Lack Of Society In Lord Of The Flies By William Golding

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The Effects of a Lack of Society
Civilization plays a major role in shaping lives. It controls an individual’s behavior, manners, and way of living. It plays an especially important role in the novel Lord of the Flies by William Golding, which is about a group of British boys who are stranded on a deserted island without any adult supervision. Immediately after landing on the island, the boys develop basic rules to keep order and elect one amongst themselves, Ralph, as chief.. The boys are then faced with challenges, inciting a deep fear of a beast inhabiting the island. This contributes to the breakdown of their society. Slowly, the youths lose their roots of a civilized society and by the end of the novel, most of the boys do not recognize themselves. Throughout the story, many boys develop negative changes, demonstrating the profound effects a lack of society can have on a people.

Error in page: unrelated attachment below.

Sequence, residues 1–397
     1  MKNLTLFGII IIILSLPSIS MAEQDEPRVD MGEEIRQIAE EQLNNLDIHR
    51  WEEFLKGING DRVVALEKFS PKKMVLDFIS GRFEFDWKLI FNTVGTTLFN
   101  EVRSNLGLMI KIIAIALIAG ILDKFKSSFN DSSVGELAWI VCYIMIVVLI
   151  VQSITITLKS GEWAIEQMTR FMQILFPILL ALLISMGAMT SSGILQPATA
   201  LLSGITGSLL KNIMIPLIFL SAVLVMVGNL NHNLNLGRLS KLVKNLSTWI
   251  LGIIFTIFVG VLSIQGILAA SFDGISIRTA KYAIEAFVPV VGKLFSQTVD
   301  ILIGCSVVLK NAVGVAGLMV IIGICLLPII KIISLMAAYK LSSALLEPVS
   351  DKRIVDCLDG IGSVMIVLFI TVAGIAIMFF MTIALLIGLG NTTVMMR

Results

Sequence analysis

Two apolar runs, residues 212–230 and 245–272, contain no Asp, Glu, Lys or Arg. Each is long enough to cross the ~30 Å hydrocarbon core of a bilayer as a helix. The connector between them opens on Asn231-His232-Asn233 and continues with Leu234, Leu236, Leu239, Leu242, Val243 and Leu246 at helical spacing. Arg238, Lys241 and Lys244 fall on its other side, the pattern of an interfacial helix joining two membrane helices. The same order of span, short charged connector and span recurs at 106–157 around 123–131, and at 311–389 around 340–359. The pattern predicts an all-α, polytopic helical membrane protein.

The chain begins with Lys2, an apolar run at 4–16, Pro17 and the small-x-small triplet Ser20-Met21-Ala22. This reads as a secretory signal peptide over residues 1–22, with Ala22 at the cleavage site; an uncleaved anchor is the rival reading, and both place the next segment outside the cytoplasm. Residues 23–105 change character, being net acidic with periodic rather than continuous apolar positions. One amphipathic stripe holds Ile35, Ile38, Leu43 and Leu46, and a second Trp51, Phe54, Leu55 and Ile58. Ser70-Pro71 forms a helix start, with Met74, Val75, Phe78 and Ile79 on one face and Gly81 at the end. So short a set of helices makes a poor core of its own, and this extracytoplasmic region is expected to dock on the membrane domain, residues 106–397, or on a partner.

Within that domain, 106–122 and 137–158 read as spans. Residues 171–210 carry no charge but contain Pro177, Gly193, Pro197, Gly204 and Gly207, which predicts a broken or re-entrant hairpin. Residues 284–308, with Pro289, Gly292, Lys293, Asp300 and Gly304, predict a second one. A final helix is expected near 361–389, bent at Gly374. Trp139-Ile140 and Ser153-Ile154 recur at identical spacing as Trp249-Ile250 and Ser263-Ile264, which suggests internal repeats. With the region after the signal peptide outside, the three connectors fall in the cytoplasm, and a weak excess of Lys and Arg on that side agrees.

At the start of the novel, Jack is a decent-natured conformist, a follower of the rules. However, throughout the course of the novel, his manners deteriorate and his disposition changes, implying that a lack of society can have a negative impact on people. Soon after arriving on the island, Ralph calls an assembly to gather the boys. During it, he mentions that they should have basic rules for everyone to follow and Jack chimes in saying, “We've got to have rules and obey them. After all, we're not savages. We're English, and the English are best at everything so we’ve got to do the right

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